Tuesday, May 17

OPINION | Precarious at 30 and 50. By Ismael Ramos.

For my birthday we traveled to a Mediterranean city. We pack the suitcase the morning of the flight and bill the tickets the night before. Since I have known Luis, I have the feeling that any administrative process is easily resolved. I arm myself with a strange patience and become someone more decisive than I ever remember being. I convince myself that perhaps I am the person my mother wanted me to be: able to move steadily through any river of responsibilities, able to go out into the world without trembling when answering in a foreign language or walking through an airport knowing full well Where I go.

Two days ago I turned 28. They took me by surprise -in a slightly disoriented taxi to the polygon- to the Diverjump, a gigantic recreational park with trampolines. “So you feel like you’re still young,” they laughed. The fact is that things went almost the other way around. We had seen photos on social networks with private parties and groups of university students going in the late afternoon. But on Friday at six that was a succession of children’s birthday parties announced over the loudspeaker: “Guests at Nico’s birthday, come up and have a snack!” Being surrounded by hundreds of girls and boys screaming and banging against every possible padded surface was: one, a contraceptive; and two, the brief reminder that the age when not everything is possible is approaching dangerously. Even so, mind you, we overcome our embarrassment, we jump, we laugh and there are mobiles that store videos that should never see the light of day, but that’s another story.

Every time I have a birthday I think of my mother. We’ve been almost 20 -nineteen and eleven months, to be exact- and she recently told me: “Your 28 have been more fun than mine, better used.” I don’t know if she was only talking about the time elapsed until her 28th birthday or until she is about to turn 48 in May. At my age -just the age I am now- my mother had two children: one eight years old and the other five months old; He had just left his job in a supermarket butcher shop and, before that, he had worked since he was 18 in a nightclub wardrobe, distributing bread to the villages, scrubbing bars in Riazor from 5 in the morning… But this did not It is a story of overcoming the American style, it does not end with me telling how my mother found a stable job and we began to have vacations somewhere in the south, two cars… Rather it is the story of those who, bordering on fifty -Just as I touch the 30 with the tips of my fingers-, they continue to live precariously.

My parents pay an abusive mortgage, trained in the idea that they should have a house, ask for a loan, trust the banks; they have working hours that exceed -almost double- what is stipulated in the contract; They don’t go on vacation, we never went, and even so, it’s easy for them to understand that my life is different. For them, much of what I learned, much of what job uncertainty taught me – languages, master’s degrees, foreign friends – prepared me to live better no matter what happens, to expand the limits of the world and even break them. Even if it takes me away from them.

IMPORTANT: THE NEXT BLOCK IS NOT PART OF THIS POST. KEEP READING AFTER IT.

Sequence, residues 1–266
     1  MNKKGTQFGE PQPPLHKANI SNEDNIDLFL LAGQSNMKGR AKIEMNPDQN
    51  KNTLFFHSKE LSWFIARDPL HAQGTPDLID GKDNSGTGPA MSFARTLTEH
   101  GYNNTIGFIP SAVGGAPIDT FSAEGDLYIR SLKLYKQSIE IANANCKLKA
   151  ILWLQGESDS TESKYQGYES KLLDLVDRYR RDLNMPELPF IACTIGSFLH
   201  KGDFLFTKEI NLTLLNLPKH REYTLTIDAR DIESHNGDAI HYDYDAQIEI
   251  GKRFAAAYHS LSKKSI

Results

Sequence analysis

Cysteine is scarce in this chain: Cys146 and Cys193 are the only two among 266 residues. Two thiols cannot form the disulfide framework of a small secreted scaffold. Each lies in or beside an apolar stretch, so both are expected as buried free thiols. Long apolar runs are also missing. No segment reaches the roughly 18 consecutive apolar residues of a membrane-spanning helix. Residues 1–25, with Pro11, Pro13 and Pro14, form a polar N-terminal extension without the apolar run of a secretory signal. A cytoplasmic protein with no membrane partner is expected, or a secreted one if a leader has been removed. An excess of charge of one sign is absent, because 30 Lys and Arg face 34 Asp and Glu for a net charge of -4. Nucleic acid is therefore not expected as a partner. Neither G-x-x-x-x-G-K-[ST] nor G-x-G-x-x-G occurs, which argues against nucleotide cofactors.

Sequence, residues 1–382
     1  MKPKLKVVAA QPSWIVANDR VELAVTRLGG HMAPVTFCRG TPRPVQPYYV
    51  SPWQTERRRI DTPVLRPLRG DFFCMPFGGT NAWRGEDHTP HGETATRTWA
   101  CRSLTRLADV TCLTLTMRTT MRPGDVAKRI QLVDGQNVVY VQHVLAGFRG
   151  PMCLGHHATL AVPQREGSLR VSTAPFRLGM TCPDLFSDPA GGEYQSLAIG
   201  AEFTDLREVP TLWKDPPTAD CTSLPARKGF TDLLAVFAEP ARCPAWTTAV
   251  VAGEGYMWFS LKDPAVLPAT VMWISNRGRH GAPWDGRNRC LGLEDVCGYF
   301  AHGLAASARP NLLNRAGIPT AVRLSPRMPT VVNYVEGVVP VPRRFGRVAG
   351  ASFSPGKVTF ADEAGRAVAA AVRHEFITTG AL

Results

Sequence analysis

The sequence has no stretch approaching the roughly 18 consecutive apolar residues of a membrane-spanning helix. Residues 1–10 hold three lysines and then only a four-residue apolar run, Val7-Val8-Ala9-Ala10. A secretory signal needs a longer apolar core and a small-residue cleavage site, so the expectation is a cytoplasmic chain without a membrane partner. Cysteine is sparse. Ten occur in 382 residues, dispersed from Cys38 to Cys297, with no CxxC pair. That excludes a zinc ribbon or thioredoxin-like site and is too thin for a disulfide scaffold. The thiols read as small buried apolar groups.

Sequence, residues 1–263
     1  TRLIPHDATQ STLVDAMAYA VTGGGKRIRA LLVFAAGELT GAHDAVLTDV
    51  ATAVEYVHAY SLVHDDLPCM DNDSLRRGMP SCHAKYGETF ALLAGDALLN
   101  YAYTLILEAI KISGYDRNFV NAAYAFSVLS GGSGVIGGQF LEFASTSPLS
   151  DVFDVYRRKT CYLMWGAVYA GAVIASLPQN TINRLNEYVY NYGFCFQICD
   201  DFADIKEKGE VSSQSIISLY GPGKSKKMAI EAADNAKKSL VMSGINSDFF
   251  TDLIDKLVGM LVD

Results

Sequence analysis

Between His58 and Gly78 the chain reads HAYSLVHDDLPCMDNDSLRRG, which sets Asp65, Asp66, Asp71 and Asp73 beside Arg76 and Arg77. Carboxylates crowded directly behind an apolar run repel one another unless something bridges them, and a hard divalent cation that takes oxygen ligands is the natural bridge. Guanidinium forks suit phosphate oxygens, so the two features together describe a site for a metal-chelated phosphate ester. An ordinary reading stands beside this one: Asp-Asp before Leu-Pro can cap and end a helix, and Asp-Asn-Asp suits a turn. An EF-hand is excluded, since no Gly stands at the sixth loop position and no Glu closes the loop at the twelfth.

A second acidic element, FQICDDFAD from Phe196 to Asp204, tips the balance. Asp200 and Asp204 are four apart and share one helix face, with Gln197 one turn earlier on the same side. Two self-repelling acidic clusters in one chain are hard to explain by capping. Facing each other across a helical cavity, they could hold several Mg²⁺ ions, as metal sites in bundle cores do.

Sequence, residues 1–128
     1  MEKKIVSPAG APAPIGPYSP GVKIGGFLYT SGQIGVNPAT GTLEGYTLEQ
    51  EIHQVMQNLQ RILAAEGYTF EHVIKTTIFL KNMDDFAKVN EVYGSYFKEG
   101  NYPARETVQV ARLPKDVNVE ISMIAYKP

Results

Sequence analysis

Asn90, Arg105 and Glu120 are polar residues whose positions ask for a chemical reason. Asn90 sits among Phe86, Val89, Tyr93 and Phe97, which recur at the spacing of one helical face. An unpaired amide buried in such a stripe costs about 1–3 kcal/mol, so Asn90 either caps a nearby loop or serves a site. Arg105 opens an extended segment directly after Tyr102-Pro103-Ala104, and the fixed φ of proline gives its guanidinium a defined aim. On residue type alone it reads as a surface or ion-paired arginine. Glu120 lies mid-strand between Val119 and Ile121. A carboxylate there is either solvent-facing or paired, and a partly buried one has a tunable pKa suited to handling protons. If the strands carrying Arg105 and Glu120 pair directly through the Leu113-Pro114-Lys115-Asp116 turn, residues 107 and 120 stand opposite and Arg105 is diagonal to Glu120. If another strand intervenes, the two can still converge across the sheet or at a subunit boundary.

For months, the debate about whether or not our parents lived better than us occupied the media and social networks. Those who opposed nostalgia used the rights conquered in recent decades, the freedoms, the LGTB and feminist struggle, the lack of prejudice… I, honestly, could not stop thinking that what really should be talked about it’s about money: how there were always people who had it and people who didn’t, how the ghost of the middle class poisoned our parents before us and annulled us as working class. It is true that I belong to a generation that has always lived in crisis -S11, 2008, 15M, COVID-19-, but I was already poor then, and even before all that.

Back on the plane, Luis touches my arm and tells me to look at the snowy mountain peaks. Years ago, traveling alone, I wrote precisely about this strange feeling while flying over the Pyrenees: the sunlight coming through the window, warming me little by little, and the impossible cold of the spring snow kilometers below. Something similar happens when I observe the distance that separates the story of my life from that of my mother. It is something beautiful and sad. For a long time I did not have a better job than his, nor more resources, nor less desire. He separated us, I think, something else, something that has to do with History, with the University, with almost always empty words that are written in capital letters. Now I am concerned that no one cares about them, about those born in the 60s or 70s and still half-finished, living in their own underrepresented uncertainty. While I worry, Luis waits in the next seat for him to finish writing and falls asleep. He is calm now that he knows that I will finish the article and send it on time. Calm that he writes. And I’m glad -in the air- that this is our only concern today.